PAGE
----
The Beauty of Dandelions

Posted by on May 15, 2020 in Unmowed Blog | 0 comments

In the twenty-first century it seems as if we could live, if we wanted to, totally removed from the natural world. We have apparently unlimited technology at our command–we can control nature, change it, design it. Or we can escape it; we can build walls, erect barriers, to keep us separated from the wild. Long ago, it must have seemed to the Pilgrims and pioneers as if they were on a little island of civilization in a threatening sea of wildness, and dandelions were part of their fence to keep the wilderness at bay. Nowadays, it seems as though the wild places are the fragile islands, surrounded by a rising tide of pavement.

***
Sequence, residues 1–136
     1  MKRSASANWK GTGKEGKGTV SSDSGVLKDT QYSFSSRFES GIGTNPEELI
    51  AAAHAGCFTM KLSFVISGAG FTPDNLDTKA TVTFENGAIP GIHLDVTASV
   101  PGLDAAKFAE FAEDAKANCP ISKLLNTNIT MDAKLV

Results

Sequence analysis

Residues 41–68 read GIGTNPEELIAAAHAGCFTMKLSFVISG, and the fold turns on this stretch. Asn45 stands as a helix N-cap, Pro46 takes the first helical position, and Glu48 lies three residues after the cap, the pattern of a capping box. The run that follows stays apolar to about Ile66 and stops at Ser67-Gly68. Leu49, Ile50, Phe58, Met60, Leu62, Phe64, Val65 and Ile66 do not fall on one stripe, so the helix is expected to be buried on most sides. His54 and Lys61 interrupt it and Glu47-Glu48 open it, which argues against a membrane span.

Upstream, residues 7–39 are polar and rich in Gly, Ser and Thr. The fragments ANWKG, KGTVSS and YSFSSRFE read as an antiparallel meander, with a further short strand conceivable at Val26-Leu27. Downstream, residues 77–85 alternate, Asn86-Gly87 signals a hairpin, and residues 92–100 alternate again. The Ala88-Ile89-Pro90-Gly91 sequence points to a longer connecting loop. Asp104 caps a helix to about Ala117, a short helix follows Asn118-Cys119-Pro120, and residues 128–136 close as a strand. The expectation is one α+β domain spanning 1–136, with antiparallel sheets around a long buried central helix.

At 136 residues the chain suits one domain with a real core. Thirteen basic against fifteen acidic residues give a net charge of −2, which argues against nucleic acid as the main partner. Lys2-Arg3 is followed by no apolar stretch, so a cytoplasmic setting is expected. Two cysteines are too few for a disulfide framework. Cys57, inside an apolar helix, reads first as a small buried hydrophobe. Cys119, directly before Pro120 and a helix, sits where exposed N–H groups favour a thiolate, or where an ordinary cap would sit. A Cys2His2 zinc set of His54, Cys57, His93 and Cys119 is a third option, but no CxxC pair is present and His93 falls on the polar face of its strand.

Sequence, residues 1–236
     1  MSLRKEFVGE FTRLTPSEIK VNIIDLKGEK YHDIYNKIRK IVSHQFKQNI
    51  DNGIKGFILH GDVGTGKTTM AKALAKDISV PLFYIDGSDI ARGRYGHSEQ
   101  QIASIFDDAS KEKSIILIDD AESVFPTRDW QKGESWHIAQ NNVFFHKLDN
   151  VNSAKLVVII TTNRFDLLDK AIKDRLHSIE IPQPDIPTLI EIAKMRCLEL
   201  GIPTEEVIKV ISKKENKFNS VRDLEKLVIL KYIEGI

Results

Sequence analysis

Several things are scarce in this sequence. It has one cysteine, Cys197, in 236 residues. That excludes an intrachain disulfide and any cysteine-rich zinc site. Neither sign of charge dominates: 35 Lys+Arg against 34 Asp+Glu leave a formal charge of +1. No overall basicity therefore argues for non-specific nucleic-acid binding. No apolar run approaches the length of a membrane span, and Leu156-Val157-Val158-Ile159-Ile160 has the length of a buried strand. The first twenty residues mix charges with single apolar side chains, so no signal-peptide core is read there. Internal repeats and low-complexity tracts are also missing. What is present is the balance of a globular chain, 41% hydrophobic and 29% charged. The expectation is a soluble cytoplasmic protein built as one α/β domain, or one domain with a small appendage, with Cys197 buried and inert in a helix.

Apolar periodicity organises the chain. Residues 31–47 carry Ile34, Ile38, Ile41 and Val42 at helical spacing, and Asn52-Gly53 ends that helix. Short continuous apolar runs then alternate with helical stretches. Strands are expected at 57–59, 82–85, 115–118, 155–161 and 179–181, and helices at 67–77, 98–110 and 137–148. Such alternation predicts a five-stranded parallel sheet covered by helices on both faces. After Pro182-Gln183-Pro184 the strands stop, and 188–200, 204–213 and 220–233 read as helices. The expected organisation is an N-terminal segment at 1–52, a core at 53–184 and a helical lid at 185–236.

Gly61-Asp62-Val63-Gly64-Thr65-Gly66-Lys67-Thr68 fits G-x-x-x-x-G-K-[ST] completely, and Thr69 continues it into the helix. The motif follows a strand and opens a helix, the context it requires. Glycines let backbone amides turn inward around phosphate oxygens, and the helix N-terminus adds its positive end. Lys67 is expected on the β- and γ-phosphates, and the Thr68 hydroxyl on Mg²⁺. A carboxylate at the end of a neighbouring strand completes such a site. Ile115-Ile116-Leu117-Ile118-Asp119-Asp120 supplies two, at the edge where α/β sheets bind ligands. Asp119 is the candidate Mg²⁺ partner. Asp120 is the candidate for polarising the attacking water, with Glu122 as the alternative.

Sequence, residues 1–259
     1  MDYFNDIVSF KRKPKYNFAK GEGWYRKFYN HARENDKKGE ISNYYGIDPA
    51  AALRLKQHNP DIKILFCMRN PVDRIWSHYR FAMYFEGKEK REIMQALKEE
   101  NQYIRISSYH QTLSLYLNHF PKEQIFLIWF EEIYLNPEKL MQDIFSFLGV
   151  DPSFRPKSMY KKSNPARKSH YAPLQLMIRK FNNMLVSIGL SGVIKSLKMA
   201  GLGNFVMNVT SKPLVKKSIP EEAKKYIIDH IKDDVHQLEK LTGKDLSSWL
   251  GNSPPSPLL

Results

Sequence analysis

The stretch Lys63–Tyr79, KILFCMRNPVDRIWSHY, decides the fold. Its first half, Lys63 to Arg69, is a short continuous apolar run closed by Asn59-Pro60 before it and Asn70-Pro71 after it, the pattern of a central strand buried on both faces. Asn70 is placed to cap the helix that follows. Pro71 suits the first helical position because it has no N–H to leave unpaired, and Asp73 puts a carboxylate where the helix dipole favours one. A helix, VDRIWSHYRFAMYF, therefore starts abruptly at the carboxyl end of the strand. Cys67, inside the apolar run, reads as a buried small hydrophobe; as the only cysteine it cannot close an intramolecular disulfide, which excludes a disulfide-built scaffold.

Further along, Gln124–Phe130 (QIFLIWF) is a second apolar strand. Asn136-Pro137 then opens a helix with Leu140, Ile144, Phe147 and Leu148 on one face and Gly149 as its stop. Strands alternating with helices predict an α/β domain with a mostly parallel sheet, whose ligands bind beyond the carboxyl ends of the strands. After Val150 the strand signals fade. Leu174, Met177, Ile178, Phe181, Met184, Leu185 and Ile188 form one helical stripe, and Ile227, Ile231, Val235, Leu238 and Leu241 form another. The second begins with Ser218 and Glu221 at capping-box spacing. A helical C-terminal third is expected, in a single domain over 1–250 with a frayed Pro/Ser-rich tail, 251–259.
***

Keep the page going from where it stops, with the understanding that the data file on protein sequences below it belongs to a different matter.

But as we painfully discovered during Hurricane Katrina, no dam or levee can finally hold back the surge of nature. The poet Dylan Thomas described “the force that through the green fuse drives the flower,” and he well might have had in mind the quiet explosion of a dandelion thrusting its way through a crack in the concrete. No weed-whacker or poison yet invented has so far exterminated those determined little flowers–they continue to follow us. As they always have, since time out of mind.

 

This is an excerpt from my book: The Teeth of the Lion: The Story of the Beloved and Despised Dandelion. 

 

 

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